• What if you don't get in?

    What if you don't get in? Sometimes, decisions about prospective students are delayed until it is not clear whether they are in a position to pursue their chosen degree. In these cases, it becomes apparent that the decision was not well thought out, and this could result in the student choosing the wrong degree. It is important to keep this in mind. Showing an interest in your future while studying for your high school diploma will help you achieve your objectives. Don't forget that this will be the driving force during your time at university.

    Even if you're absolutely sure what you want to study, your application could be unsuccessful due to the cut-off grade or the entrance exam result. In these cases, there is no one-size-fits-all solution. Sometimes, it's a good idea to take the entrance exam again the following year and use the time until then to develop your skills in other areas. At other times, the best thing to do is choose a degree program that is similar to the one you initially applied for.

    Each case is different. If you can, seek advice from an expert and review the information you gathered during the process.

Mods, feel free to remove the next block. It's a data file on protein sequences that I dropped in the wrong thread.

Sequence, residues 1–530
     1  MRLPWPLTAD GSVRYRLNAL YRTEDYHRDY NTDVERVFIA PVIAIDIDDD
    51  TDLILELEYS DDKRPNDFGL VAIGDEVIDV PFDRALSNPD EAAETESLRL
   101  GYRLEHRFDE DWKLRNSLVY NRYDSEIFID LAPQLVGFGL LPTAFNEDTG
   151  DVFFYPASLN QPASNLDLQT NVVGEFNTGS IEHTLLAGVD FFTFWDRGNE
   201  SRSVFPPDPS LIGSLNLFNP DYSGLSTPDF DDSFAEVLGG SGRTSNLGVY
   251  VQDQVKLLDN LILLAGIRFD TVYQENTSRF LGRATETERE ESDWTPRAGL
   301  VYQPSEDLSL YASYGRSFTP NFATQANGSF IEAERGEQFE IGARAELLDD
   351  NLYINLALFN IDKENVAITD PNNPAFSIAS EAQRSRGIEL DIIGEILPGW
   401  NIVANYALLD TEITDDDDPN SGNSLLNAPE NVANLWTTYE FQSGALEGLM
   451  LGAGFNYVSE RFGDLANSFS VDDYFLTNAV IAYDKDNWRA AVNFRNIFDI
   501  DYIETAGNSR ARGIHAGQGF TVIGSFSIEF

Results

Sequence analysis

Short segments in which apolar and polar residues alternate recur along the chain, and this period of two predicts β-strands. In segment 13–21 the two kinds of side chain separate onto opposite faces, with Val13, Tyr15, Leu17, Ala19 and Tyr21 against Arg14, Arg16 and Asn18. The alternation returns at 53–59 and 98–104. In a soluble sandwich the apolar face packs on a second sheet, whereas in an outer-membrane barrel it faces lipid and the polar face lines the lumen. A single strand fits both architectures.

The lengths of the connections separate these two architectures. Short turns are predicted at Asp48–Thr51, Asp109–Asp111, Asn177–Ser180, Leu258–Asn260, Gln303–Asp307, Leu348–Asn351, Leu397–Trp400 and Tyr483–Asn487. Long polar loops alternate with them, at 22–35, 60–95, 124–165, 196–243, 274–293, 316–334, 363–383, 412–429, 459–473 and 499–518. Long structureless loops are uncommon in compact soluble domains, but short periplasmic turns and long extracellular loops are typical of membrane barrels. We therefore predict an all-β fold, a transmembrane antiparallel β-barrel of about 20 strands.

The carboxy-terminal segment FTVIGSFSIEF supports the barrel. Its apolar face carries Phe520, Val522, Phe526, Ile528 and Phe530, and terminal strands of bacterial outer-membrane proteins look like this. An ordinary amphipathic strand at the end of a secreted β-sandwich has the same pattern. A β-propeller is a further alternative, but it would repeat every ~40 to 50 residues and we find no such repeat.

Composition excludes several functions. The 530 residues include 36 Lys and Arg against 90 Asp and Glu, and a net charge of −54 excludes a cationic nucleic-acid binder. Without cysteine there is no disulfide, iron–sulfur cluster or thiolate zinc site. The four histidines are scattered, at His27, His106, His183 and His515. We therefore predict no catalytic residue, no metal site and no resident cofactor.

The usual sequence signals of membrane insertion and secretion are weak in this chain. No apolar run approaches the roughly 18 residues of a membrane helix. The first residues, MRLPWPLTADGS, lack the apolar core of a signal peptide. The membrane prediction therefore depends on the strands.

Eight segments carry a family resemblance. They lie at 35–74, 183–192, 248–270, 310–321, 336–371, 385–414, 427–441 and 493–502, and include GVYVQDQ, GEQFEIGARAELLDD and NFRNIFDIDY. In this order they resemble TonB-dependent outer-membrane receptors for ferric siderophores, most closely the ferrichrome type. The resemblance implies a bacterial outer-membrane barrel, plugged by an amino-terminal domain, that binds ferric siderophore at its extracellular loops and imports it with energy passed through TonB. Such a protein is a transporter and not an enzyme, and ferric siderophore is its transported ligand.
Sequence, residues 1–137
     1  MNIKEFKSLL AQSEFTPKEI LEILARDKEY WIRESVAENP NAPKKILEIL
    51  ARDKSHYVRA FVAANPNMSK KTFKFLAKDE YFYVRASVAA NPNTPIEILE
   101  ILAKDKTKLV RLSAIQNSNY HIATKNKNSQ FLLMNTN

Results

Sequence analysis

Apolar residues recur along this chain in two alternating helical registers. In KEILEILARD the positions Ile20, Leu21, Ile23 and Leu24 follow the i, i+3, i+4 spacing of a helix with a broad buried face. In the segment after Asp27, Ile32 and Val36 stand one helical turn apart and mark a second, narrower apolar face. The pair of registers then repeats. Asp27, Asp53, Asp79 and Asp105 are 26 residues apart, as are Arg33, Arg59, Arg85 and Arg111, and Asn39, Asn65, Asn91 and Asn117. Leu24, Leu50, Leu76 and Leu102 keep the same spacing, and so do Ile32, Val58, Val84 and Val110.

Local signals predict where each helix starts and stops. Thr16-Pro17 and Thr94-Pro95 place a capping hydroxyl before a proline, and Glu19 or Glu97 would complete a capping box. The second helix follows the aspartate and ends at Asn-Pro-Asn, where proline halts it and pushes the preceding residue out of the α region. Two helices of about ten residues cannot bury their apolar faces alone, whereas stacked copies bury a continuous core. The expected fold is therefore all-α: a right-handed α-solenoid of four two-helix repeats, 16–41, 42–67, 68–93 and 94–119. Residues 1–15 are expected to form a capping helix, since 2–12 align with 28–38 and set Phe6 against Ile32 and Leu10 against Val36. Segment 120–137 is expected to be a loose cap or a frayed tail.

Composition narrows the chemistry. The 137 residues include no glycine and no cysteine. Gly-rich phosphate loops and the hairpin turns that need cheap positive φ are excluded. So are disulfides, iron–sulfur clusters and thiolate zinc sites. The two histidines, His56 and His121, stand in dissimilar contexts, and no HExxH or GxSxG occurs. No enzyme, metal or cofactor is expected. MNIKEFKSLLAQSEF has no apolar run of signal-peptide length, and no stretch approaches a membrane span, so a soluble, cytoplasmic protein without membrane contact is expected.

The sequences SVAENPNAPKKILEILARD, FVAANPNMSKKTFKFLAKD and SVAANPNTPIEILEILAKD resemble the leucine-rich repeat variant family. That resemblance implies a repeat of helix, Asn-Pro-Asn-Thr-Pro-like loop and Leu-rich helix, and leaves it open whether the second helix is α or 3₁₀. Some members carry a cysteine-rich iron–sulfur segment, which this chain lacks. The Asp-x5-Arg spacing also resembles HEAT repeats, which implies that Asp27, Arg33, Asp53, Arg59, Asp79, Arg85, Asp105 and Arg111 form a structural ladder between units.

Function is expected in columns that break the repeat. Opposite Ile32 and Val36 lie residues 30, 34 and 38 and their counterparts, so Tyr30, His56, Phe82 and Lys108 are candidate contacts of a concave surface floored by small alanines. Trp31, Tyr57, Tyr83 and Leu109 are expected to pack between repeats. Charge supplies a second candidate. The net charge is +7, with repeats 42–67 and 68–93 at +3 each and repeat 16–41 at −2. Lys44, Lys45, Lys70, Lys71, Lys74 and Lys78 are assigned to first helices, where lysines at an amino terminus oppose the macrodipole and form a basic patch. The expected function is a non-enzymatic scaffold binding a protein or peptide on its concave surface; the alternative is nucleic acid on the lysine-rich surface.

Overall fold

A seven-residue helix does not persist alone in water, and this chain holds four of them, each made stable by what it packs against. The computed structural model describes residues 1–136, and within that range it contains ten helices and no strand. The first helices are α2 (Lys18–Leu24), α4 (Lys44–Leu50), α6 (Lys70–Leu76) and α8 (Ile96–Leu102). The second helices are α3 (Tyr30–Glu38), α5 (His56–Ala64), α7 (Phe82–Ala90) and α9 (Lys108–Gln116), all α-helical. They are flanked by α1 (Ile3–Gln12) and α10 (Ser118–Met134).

Given the huge range of university programs currently on offer and the fact that we are entering an era of Europe-wide degree standardization, choosing a university requires prior consideration. You should also keep in mind that choosing one university over another could be the factor that gives your professional résumé an edge over the competition. In order to make comparisons and to ensure that your choice is the most suitable one for you, we suggest that you consider the following questions.

  • Does the university have the degree program you want to study?

    Not all universities offer the same degree programs. In some cases, the university has a better reputation than the degrees it offers. It is also possible that several different degree programs will prepare you for the same professional field. Another factor to bear in mind is that the current Spanish university system allows you to adapt degree programs to your interests through elective subjects. Analyze the range of elective subjects and the professional pathways offered by some universities.